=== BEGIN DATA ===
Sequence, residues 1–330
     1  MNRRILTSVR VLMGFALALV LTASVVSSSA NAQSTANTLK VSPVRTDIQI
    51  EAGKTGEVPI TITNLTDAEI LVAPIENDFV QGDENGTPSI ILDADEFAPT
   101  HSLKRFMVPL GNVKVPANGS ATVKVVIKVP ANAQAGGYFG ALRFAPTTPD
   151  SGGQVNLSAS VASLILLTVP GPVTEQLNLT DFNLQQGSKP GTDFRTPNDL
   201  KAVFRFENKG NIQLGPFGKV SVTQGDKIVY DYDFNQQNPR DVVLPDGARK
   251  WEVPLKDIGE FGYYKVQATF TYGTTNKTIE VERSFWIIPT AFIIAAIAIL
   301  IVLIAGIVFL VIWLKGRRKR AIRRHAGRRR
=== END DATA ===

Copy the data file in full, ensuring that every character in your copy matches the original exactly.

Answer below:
Sequence, residues 1–330
     1  MNRRILTSVR VLMGFALALV LTASVVSSSA NAQSTANTLK VSPVRTDIQI
    51  EAGKTGEVPI TITNLTDAEI LVAPIENDFV QGDENGTPSI ILDADEFAPT
   101  HSLKRFMVPL GNVKVPANGS ATVKVVIKVP ANAQAGGYFG ALRFAPTTPD
   151  SGGQVNLSAS VASLILLTVP GPVTEQLNLT DFNLQQGSKP GTDFRTPNDL
   201  KAVFRFENKG NIQLGPFGKV SVTQGDKIVY DYDFNQQNPR DVVLPDGARK
   251  WEVPLKDIGE FGYYKVQATF TYGTTNKTIE VERSFWIIPT AFIIAAIAIL
   301  IVLIAGIVFL VIWLKGRRKR AIRRHAGRRR